If he'd made it in, say, a strategy meeting in No. 10, it would have clearly been perfectly OK.
Analogies only ever go to a certain point, I don't think it's too important to quibble over the details. At the end she is employed by a university that wants to enhance the public engagement with science, if the person they employ actively works against that, and (though I'm extrapolating) doesn't appear to even take in interest in the subject, then the university may well question whether this is money well spent. I'm not calling for anyone to be sacked, but I've seen people get a bollocking from their employer for less.
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Re: Mocking religion

Post by JellyandJackson » Thu Apr 08, 2021 1:30 pm

bob sterman wrote:
Thu Apr 08, 2021 12:35 pm
bagpuss wrote:
Thu Apr 08, 2021 11:21 am
If this weren't Scrutable where such things are common, I'd be quite frankly astonished that people would read so much and put so much effort into discussing one bl..dy tweet from someone who had just got a bit fed up with something and, being human, reacted in a way that probably didn't achieve anything in particular beyond getting her frustration off her chest a bit.
I like to think that on a "Scrutable Christianity" forum somewhere a load of experts in religious communication (preaching? evangalism?) are berating a Professor for Public Engagement with Religion or a prominent Bishop for a counterproductive tweet sent at a particularly tactless time - because they feel it will alientate the athiests rather than win them over. While some other folk on the forum opine about how they can understand the urge to tweet and mock like that, as they are fed up with atheists telling them the resurrection wasn't real, there ain't no heaven, it's just bread and wine etc.
This is an interesting point. I wish I knew where the experts in religious communication are. As a (relative) insider, I’ve no idea. CofE comms as an organisational being is awful Mind you, CofE management in general is pretty awful. Lay folk do criticise bishops and others in authority / with big gobs / large reach etc (and also try to reduce damage, point out harmful stuff, though I’m reluctant to mention that, it looks like I’m asking for cookies. I’m not).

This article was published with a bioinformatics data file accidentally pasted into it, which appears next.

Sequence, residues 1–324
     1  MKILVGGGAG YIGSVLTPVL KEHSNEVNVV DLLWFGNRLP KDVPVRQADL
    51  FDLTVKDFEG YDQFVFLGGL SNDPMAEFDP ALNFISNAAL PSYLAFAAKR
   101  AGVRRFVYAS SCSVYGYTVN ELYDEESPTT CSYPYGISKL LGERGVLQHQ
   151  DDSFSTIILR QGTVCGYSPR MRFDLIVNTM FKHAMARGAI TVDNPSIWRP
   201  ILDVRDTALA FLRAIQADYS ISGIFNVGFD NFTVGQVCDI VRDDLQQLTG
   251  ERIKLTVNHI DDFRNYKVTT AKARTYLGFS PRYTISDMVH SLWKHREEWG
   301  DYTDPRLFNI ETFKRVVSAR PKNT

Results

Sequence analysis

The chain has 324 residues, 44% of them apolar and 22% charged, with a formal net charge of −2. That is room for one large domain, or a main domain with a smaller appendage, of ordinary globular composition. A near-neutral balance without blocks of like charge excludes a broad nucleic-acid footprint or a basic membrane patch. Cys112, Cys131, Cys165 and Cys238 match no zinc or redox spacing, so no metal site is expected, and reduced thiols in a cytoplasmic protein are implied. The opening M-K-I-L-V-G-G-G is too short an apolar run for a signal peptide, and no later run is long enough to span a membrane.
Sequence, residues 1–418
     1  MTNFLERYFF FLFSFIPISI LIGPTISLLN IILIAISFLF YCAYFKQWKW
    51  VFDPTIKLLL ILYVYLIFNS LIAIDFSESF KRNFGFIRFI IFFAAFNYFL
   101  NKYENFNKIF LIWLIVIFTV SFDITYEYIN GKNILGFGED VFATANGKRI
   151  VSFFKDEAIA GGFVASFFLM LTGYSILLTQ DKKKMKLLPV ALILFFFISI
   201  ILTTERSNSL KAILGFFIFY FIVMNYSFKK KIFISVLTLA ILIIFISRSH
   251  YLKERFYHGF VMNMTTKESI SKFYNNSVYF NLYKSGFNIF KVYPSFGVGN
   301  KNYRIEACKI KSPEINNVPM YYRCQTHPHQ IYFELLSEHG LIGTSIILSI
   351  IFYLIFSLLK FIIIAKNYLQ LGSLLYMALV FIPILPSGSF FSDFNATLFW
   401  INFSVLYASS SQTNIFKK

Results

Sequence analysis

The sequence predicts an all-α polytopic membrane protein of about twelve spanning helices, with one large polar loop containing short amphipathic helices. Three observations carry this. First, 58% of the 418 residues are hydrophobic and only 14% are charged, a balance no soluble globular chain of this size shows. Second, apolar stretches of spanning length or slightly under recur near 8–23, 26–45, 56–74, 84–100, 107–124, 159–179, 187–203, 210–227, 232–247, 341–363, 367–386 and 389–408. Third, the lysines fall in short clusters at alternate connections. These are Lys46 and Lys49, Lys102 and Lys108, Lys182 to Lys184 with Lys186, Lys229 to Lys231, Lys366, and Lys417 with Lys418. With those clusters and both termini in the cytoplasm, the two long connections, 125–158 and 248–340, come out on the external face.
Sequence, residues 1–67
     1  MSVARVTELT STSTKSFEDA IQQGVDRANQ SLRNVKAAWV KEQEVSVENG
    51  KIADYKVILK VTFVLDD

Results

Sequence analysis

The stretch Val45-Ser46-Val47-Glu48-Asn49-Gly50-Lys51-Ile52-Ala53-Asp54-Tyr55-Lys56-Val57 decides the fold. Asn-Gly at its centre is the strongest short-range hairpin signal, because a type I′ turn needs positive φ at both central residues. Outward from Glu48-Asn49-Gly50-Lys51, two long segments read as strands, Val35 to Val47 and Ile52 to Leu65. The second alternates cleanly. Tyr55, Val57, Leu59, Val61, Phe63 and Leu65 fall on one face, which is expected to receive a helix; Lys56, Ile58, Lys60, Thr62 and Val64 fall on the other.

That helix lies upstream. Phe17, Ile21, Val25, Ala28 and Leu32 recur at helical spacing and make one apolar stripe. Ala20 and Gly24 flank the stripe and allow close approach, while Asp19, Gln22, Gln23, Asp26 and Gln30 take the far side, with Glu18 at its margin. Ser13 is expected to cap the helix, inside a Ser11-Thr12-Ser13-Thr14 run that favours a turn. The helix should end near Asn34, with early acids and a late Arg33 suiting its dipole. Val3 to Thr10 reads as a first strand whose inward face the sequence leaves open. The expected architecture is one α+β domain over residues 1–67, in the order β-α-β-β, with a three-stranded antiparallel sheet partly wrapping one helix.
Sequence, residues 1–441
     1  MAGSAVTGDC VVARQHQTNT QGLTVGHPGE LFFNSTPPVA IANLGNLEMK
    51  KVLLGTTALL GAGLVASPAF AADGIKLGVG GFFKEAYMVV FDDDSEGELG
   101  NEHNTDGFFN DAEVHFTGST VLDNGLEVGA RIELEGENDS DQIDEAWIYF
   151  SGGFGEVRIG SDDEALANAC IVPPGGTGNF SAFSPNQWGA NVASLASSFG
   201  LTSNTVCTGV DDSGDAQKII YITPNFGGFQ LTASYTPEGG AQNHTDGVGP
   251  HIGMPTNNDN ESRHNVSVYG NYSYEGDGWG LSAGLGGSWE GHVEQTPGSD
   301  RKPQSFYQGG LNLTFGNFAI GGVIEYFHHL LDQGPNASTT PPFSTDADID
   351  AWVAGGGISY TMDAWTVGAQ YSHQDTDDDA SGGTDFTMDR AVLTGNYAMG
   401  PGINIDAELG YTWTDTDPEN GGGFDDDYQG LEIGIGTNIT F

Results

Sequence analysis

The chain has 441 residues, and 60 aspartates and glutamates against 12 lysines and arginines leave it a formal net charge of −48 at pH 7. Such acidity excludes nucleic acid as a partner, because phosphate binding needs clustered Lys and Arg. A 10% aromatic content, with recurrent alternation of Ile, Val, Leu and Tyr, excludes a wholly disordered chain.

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Re: Mocking religion

Post by El Pollo Diablo » Thu Apr 08, 2021 1:37 pm

Tbf, in general these days, it's the laity in the C of E organisation who tend to be behind the curve, rather than the clergy, which perhaps gives a sense of where its sensibilities are these days.
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Re: Mocking religion

Post by JellyandJackson » Thu Apr 08, 2021 4:01 pm

I think it depends on the topic in hand and the level in the hierarchy. IIRC, for eg, the consecration of women bishops was stymied by the house of laity at General Synod, which had been stuffed with conservative evangelicals. They’re going to try to do the same with equal marriage.

Anyway, that’s an aside from mocking religion - though it’s further ammo for those who want to do so, I suppose.
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Re: Mocking religion

Post by FairySmall » Thu Apr 08, 2021 8:10 pm

bob sterman wrote:
Thu Apr 08, 2021 10:37 am
Woodchopper wrote:
Thu Apr 08, 2021 6:37 am
So to sum up Warumich and FairySmall, it would be preferable if the people advocating for science actually did so scientifically.
Can't disagree with that - although I think it needs to be acknowledged that people can't be expected to do their job 24/7. I would say that getting fed up and tweeting something that does nothing to advance science communication is not "incompatible" with being an effective science communicator the rest of the time.
Yes, that's very true. Given that I'm a professional communicator, my tweets are terribly sporadic. Partly, this is because I self censor a lot so I'd rather say nothing than accidentally break my own rules, even if it's in a personal capacity. I'm just starting some work with local BAME community organisations and if I'd inadvertently said something racist or offensive on Twitter then it wouldn't exactly help us get off to a good start*. I realise I hold myself to a possibly overly high standard and I shouldn't expect others to do the same, but perhaps I do a little, especially for someone relatively high profile/influential. Let's hope that Alice Roberts doesn't have to do any sensitive engagement with some Christians who might not appreciate her tweets. But it's totally fair that we all have off days...

* And given the historical context of my uni, there's already plenty of baggage.